In the original edition, feminist, political, and activist writers alike presented their ideas for a paradigm shift from the "No Means No" model--and the result was the groundbreaking shift to today's affirmative consent model ("Yes Means Yes," as coined by this book). With a timely new introduction, refreshed cover, and the timeless contributions of authors from Kate Harding to Jill Filipovic, Yes Means Yes brings to the table a dazzling variety of perspectives and experiences focused on the theory that educating all people to value female sexuality and pleasure leads to viewing women differently, and ending rape. Yes Means Yes has radical and far-reaching effects: from teaching men to treat women as collaborators and not conquests, encouraging men and women that women can enjoy sex instead of being shamed for it, and ultimately, that our children can inherit a world where rape is rare and swiftly punished.
Bring the spark back into your bedroom and your marriage with gutsy and effective advice from bestselling author Michele Weiner-Davis.It is estimated that one of every three married couples struggles with problems associated with mismatched sexual desire. Do you? If you want to stop fighting about sex and revitalize your intimate connection with your spouse, then you need this book. In The Sex-Starved Marriage, bestselling author Michele Weiner Davis will help you understand why being complacent or bitter about ho-hum sex might cost you your relationship.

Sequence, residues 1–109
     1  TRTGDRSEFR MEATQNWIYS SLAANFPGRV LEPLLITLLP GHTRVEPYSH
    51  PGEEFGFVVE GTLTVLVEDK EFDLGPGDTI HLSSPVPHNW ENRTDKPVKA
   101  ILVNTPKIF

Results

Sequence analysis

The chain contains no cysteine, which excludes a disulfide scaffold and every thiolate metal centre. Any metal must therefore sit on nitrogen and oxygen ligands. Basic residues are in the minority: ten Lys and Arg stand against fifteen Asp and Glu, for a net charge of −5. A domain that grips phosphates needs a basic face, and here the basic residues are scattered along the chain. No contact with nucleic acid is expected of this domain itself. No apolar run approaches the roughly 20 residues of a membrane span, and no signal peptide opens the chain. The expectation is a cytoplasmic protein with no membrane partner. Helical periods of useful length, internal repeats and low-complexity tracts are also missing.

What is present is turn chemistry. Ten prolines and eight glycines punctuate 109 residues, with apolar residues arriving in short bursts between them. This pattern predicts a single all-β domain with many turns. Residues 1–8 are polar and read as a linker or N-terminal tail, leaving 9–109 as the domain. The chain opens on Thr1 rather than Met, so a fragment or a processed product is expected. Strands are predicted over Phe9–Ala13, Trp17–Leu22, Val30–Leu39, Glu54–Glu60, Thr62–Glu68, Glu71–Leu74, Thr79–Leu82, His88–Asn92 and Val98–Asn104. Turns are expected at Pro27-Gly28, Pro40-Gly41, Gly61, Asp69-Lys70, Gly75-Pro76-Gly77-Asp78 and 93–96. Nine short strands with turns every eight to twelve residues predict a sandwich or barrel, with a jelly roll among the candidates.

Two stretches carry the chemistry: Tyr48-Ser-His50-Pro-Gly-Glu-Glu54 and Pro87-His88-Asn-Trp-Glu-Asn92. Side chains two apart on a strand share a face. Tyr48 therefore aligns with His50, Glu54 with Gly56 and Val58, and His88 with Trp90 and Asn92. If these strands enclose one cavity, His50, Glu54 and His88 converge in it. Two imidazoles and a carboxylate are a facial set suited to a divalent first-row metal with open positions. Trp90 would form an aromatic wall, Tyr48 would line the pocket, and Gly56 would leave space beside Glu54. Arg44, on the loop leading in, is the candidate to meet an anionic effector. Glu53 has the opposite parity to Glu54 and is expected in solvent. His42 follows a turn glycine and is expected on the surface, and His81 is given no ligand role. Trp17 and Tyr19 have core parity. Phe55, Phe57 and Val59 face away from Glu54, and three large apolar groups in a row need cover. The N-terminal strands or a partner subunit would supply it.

Full of moving firsthand accounts from couples who have struggled with the erosion of sexual desire and rebuilt their passionate connection, The Sex-Starved Marriage addresses every aspect of the sexual libido problem: If you're the more highly sexed partner, you'll breathe a sigh of relief. At last someone understands your feelings about the void in your marriage. Discover why your pleas for touch have fallen upon deaf ears and why your approach to the lull in your sexual relationship could be a sexual turnoff. Most important, learn new ways to motivate your spouse to take your needs for more physical closeness to heart. If you're the spouse with a lagging libido, you're far from alone. You'll learn about the physiological and psychological factors, including unresolved relationship issues, that may contribute to the chill in your bedroom and what you can do to melt the ice. And if you're a man, you'll be surprised to learn that staggering numbers of men, even men whose sexual machinery works just fine, get headaches too The Sex-Starved Marriage will give you and your spouse the inspiration, encouragement, and answers you need.
As in the bestselling The Alphabet Versus the Goddess, Leonard Shlain's provocative new book promises to change the way readers view themselves and where they came from.